- Räth, K; Taxis, K; Walz, G; Gleiter, CH; Li, SM; Heide, L (1 February 2004). "Pharmacokinetic study of artemisinin after oral intake of a traditional preparation of Artemisia annua L. (annual wormwood)". Am J Trop Med Hyg 70 (2): 128–32. PMID 14993622.
- Jansen FH (2006). "The herbal tea approach for artemesinin as a therapy for malaria?". Trans R Soc Trop Med Hyg 100 (3): 285–6. doi:10.1016/j.trstmh.2005.08.004. PMID 16274712.
- "Malaria Update", Focus on Ethiopia, April 2005, UN-OCHA website (accessed 12 March 2009)
- Fairhurst, RM; Nayyar, GM; Breman, JG; Hallett, R; Vennerstrom, JL; Duong, S; Ringwald, P; Wellems, TE; Plowe, CV; Dondorp, AM (2012). "Artemisinin-resistant malaria: Research challenges, opportunities, and public health implications". The American journal of tropical medicine and hygiene 87 (2): 231–41. doi:10.4269/ajtmh.2012.12-0025. PMC 3414557. PMID 22855752.
- Abolaji, AO; Eteng, MU; Ebong, PE; Brisibe, EA; Dar, A; Kabir, N; Choudhary, MI (2013). "A safety assessment of the antimalarial herb Artemisia annua during pregnancy in Wistar rats". Phytotherapy research : PTR 27 (5): 647–54. doi:10.1002/ptr.4760. PMID 22736625.
- Chrubasik, C; Jacobson, RL (2010). "The development of artemisinin resistance in malaria: Reasons and solutions". Phytotherapy research : PTR 24 (7): 1104–6. doi:10.1002/ptr.3133. PMID 20578122.
- Na-Bangchang, K; Karbwang, J (2013). "Emerging artemisinin resistance in the border areas of Thailand". Expert review of clinical pharmacology 6 (3): 307–22. doi:10.1586/ecp.13.17. PMID 23656342.
- News published on the Center for Strategic and International Studies website (Nov. 7, 2013)
- Tulloch, Jim; David, Benedict; Newman, Robert D; Meek, Sylvia (2013). "Artemisinin-resistant malaria in the Asia-Pacific region". The Lancet 381 (9881): e16. doi:10.1016/S0140-6736(12)61820-0.
- Kale, Anup; Gawande, Sonia; Kotwal, Swati (2008-05-01). "Cancer phytotherapeutics: role for flavonoids at the cellular level". Phytotherapy Research 22 (5): 567–577. doi:10.1002/ptr.2283. ISSN 1099-1573.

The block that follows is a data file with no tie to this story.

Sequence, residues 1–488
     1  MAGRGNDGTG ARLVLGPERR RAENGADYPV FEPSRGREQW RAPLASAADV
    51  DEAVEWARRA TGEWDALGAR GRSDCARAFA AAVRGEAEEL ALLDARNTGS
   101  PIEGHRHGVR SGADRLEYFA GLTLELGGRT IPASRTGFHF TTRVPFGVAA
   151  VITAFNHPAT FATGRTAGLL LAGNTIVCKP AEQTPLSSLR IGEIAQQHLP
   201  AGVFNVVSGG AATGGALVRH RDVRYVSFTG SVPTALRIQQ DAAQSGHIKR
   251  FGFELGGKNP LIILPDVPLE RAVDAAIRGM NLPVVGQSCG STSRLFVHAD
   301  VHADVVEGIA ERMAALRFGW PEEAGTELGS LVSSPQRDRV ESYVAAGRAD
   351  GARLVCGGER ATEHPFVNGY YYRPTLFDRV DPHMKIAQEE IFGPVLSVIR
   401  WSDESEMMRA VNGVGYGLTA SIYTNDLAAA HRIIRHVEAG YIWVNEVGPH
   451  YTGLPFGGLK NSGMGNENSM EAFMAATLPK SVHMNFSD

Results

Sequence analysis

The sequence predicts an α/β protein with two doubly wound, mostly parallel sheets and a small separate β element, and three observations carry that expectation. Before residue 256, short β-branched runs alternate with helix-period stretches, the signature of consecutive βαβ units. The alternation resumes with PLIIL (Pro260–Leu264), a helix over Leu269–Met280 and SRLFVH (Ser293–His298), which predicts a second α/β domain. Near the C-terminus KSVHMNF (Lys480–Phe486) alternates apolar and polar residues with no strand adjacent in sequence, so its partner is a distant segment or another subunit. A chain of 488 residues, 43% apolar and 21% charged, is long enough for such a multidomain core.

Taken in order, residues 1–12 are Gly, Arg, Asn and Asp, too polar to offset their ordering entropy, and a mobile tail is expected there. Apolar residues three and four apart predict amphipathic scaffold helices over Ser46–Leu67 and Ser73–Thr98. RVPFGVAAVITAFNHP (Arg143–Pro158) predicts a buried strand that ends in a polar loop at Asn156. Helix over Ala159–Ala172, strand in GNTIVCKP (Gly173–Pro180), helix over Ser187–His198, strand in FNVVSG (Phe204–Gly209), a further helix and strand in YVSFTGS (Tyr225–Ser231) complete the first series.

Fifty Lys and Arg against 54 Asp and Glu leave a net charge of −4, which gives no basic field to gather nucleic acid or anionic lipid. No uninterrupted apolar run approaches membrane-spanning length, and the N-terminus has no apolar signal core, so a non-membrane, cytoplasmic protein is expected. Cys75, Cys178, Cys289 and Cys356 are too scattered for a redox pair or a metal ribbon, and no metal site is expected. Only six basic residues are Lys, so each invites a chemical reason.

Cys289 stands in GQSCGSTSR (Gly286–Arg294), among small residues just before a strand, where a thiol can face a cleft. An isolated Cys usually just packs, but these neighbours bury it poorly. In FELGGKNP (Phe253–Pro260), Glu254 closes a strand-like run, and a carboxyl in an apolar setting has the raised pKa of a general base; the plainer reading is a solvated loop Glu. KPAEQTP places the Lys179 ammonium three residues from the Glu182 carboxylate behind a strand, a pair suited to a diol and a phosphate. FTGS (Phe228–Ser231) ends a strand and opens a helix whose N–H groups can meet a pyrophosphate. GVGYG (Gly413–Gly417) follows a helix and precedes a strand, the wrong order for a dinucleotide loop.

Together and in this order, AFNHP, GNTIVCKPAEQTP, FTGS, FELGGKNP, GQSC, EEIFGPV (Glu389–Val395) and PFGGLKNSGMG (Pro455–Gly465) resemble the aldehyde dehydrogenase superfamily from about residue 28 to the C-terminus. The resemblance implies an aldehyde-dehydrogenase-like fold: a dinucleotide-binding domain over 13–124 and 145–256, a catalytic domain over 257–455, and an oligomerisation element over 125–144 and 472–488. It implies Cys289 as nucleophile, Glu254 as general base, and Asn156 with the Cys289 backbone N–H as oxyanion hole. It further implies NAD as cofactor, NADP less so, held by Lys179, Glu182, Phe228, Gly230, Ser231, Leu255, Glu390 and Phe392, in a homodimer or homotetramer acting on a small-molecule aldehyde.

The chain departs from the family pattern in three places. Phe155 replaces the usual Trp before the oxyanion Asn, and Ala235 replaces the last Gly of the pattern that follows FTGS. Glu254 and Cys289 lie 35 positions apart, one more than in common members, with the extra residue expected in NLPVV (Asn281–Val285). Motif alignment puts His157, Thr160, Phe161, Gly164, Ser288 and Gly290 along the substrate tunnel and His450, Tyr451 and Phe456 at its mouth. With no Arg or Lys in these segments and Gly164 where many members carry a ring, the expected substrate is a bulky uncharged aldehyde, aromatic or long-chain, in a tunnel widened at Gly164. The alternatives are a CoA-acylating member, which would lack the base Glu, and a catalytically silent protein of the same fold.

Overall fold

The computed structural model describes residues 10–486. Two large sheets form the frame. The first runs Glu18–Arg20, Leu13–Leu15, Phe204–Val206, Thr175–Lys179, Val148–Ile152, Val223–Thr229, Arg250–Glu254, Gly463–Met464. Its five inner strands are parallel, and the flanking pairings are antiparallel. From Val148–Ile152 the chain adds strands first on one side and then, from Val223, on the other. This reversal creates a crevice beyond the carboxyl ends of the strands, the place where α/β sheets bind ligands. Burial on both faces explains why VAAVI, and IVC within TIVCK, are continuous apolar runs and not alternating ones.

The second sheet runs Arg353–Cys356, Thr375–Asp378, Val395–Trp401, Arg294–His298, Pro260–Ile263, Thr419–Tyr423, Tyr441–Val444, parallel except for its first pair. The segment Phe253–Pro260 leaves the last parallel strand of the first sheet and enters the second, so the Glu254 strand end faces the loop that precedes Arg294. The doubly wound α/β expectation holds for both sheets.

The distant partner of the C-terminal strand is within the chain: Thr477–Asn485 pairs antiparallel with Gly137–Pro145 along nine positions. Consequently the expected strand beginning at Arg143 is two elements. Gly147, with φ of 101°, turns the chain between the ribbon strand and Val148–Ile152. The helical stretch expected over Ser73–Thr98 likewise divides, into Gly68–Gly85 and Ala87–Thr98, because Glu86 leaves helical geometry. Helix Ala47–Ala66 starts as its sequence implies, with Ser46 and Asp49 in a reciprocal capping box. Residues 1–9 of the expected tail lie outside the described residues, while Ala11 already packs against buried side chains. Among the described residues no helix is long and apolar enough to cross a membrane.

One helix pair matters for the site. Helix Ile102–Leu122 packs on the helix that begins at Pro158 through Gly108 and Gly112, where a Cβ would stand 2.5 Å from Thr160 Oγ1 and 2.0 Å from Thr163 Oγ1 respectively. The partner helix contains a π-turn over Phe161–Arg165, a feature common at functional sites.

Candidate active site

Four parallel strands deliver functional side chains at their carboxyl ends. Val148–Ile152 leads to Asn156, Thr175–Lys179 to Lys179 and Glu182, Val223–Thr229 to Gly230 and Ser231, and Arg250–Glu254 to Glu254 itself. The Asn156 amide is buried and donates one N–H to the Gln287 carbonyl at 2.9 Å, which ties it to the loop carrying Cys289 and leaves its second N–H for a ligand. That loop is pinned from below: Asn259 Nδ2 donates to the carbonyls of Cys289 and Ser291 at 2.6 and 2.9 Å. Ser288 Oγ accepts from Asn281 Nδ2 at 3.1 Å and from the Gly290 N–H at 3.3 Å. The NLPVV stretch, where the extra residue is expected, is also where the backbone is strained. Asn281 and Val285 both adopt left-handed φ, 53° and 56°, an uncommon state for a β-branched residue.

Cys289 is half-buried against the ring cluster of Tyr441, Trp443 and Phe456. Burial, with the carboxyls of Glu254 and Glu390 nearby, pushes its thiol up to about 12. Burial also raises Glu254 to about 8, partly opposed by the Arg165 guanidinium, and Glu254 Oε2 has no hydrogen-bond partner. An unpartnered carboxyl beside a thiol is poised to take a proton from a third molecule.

- Efferth, Thomas; Benakis, Achille; Romero, Marta R.; Tomicic, Maja; Rauh, Rolf; Steinbach, Daniel; Häfer, Ralf; Stamminger, Thomas; Oesch, Franz (2004-10-01). "Enhancement of cytotoxicity of artemisinins toward cancer cells by ferrous iron". Free Radical Biology and Medicine 37 (7): 998–1009. doi:10.1016/j.freeradbiomed.2004.06.023.
- Nakase, Ikuhiko; Gallis, Byron; Takatani-Nakase, Tomoka; Oh, Steve; Lacoste, Eric; Singh, Narendra P.; Goodlett, David R.; Tanaka, Seigo; Futaki, Shiroh. "Transferrin receptor-dependent cytotoxicity of artemisinin–transferrin conjugates on prostate cancer cells and induction of apoptosis". Cancer Letters 274 (2): 290–298. doi:10.1016/j.canlet.2008.09.023.
- Lai HC, Singh NP, Sasaki T (February 2013). "Development of artemisinin compounds for cancer treatment". Invest New Drugs 31 (1): 230–46. doi:10.1007/s10637-012-9873-z. PMID 22935909.
- Cheng C, Ng DSW, Chan TK, Guan SP, Ho WE, Koh AHM, Bian JS, Lau HYA, Wong WSF (2013). "Anti-allergic action of anti-malarial drug artesunate in experimental mast cell-mediated anaphylactic models". Allergy 68: 195–203. doi:10.1111/all.12077.
- Ho, Wanxing Eugene, Yong-Jiang Xu, Fengguo Xu, Chang Cheng, Hong Yong Peh, Shao-Min Huang, Steven R. Tannenbaum, Choon Nam Ong, and WS Fred Wong (July 2014). "Anti-malarial drug artesunate restores metabolic changes in experimental allergic asthma". Metabolomics 1 (11). doi:10.1007/s11306-014-0699-x.
- Cumming JN; Ploypradith P; Posner GH (1997). "Antimalarial activity of artemisinin (qinghaosu) and related trioxanes: mechanism(s) of action". Adv. Pharmacol. Advances in Pharmacology 37: 253–97. doi:10.1016/S1054-3589(08)60952-7. ISBN 9780120329380. PMID 8891104.
- Gary H. Posner & Paul M. O’Neil (2004). "Knowledge of the Proposed Chemical Mechanism of Action and Cytochrome P450 Metabolism of Antimalarial Trioxanes Like Artemisinin Allows Rational Design of New Antimalarial Peroxides". Acc. Chem. Res. 37 (6): 397–404. doi:10.1021/ar020227u. PMID 15196049.
|Wikimedia Commons has media related to Artemisia annua.|
- Distribution of Artemisinin in Artemisia annua
- Project to improve artemesinin yield at the University of York (UK)
- Data sheet about Artemisia annua from Purdue University